62 22 August 2007 03:40AM

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Comment author: 11 August 2011 08:28:38PM 3 points [-]

So, regarding the strategy students can adopt, the two ends of the spectrum are: 1) You can just memorize details long enough to regurgitate them in the lever-pressing experiments, and understand nothing critically; or 2) You can insist on trying to critically understand everything, and you will certainly fall behind and fail.

False dichotomy.

Nothing described as "two ends of the spectrum" is ever a false dichotomy. Or a true dichotomy, for that matter.

Comment author: [deleted] 11 August 2011 08:42:35PM 0 points [-]

While they do sometimes treat this as two ends of a spectrum, their ultimate conclusion

To pass the tests you need to just memorize and not think.

Relies on the earlier (perhaps unstated, or implicitly stated) premise that 1) and 2) are mutually exclusive.

Comment author: 11 August 2011 10:02:19PM 2 points [-]

If you believe that the passage in question is a false dichotomy then you either do not understand what a dichotomy is or you parsed the quoted text incorrectly. The two ends of the spectrum are mutually exclusive (and look somewhat extreme) but for them to be dichotomous the entire rest of the spectrum - all the moderate parts - must be excluded.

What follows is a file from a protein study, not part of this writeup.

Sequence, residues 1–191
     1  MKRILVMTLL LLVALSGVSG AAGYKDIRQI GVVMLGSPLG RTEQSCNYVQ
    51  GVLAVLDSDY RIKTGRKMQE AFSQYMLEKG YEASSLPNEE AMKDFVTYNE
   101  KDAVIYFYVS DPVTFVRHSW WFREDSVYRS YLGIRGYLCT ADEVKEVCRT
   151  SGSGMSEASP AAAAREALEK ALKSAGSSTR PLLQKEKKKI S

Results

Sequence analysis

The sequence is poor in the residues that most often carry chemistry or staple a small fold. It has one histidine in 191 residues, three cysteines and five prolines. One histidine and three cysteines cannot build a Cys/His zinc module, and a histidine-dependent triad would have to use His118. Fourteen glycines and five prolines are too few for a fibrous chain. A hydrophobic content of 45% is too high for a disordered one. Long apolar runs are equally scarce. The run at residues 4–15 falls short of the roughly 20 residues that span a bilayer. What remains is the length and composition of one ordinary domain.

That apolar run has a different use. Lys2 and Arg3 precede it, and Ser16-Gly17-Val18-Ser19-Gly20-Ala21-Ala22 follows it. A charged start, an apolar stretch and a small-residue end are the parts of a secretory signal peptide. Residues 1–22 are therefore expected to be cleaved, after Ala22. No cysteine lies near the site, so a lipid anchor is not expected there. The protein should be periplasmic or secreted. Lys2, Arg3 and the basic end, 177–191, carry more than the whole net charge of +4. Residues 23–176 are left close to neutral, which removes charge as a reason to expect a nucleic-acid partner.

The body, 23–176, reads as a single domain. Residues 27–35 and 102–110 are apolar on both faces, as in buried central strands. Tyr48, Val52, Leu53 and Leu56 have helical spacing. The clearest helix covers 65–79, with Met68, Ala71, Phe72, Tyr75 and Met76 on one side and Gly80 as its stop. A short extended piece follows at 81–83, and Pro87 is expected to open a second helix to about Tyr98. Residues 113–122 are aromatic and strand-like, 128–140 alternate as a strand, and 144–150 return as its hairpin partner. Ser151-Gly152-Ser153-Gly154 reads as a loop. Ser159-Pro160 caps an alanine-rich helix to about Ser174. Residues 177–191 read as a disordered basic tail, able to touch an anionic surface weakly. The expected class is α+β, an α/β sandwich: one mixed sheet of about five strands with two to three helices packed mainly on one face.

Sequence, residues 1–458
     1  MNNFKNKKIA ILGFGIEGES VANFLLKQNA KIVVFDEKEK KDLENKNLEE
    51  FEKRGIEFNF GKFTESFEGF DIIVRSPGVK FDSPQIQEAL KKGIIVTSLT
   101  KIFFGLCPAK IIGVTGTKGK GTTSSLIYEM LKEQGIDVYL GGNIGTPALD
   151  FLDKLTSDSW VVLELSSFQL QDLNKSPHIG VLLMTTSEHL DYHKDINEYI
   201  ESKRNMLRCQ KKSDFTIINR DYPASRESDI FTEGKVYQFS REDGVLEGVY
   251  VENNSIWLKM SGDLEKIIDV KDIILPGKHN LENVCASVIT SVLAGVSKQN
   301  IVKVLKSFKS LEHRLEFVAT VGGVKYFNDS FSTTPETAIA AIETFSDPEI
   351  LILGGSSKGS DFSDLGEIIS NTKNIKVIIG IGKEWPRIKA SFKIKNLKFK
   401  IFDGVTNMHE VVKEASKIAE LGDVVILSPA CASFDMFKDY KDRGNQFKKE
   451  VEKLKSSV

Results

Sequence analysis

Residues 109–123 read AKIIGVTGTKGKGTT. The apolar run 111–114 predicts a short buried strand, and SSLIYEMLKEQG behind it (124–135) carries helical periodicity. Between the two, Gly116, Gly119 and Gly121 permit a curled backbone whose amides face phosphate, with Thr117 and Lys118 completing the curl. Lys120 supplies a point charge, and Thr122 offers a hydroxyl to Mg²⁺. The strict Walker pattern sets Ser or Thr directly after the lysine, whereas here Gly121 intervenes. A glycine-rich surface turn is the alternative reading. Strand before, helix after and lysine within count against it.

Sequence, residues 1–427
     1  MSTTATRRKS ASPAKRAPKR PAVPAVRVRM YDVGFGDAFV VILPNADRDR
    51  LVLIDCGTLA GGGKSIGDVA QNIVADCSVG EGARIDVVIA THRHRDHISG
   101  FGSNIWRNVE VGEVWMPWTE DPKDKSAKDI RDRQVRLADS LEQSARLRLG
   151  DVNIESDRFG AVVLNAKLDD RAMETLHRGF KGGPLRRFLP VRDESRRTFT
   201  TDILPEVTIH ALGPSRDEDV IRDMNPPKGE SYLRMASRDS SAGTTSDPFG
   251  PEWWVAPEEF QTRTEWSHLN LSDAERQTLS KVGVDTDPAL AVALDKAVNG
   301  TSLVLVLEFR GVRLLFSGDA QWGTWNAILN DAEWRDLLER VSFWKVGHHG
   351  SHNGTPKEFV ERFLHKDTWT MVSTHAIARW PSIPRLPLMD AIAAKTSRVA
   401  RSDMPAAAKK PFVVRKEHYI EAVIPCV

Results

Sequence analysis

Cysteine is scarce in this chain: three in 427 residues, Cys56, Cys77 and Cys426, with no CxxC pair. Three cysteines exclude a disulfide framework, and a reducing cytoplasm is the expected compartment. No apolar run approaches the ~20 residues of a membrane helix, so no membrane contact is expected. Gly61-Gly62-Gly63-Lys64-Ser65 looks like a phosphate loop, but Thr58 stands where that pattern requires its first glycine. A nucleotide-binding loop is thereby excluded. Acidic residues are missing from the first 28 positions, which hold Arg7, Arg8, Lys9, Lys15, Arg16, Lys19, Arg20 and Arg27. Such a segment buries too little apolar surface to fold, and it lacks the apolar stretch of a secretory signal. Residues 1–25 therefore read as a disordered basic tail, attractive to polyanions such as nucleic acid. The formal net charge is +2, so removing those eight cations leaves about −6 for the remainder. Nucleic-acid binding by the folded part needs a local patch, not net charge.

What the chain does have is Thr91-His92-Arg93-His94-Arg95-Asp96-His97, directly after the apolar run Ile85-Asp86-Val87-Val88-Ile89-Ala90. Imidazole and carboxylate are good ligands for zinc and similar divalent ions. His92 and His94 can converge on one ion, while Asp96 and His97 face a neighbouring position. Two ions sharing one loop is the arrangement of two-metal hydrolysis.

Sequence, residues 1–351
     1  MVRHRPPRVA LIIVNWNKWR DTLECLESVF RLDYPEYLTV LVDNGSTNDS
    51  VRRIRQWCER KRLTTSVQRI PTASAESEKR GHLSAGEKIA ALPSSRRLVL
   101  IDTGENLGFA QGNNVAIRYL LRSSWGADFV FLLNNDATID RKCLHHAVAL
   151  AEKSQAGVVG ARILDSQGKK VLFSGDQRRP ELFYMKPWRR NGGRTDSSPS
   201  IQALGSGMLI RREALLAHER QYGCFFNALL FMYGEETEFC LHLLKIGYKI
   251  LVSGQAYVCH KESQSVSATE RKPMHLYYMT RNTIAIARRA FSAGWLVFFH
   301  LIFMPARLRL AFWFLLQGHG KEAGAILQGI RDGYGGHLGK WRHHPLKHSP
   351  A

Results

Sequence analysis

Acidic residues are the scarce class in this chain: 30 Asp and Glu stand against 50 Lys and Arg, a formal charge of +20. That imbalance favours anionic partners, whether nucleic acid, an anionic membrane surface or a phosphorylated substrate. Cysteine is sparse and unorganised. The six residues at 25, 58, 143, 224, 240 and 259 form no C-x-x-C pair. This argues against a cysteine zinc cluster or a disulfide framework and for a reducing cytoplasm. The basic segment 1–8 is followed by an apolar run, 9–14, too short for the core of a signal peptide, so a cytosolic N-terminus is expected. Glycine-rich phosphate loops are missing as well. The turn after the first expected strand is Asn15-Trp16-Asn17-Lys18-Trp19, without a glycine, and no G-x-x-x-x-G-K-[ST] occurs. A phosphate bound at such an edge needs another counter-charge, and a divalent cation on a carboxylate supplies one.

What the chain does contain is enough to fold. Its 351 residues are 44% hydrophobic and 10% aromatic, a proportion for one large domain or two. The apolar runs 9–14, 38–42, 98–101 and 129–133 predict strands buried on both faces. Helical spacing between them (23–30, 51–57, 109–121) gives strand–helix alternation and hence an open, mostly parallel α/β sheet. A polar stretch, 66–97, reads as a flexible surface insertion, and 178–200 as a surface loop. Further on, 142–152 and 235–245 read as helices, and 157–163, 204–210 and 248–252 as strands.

Even if the text is somehow wrong or stupid it is not a false dichotomy.

Comment author: [deleted] 11 August 2011 10:26:58PM *  1 point [-]

Would you rather I called it a fake spectrum?

EDIT: I really don't understand the issue. In order to apply excluded middle to reach the conclusion, they have to both hold that the two ends of the spectrum are dichotomous, and that the rest of the spectrum either doesn't exist, or is inconsequential. So it's a spectrum in a name only, which as far as I can see is as good as a false dichotomy.

Comment author: 11 August 2011 10:44:02PM 1 point [-]

Would you rather I called it a fake spectrum?

That is one of many things you could say that isn't just strictly and trivially false.

But it isn't my preferences you are satisfying. I don't mind if you say wrong things, I'm just going to reply with a correction if you do. (So 'rather?' is a strange question!)

Comment author: [deleted] 11 August 2011 10:50:07PM 2 points [-]

Let me rephrase, then. "Is there anything you would correct in characterizing the aforementioned as a fake spectrum?"

Honestly, if I have to write so strictly, it's almost too much effort.

Comment author: 11 August 2011 11:04:11PM *  1 point [-]

I thought the answer 'no' would have come across, even while I distanced myself from the personal connotations.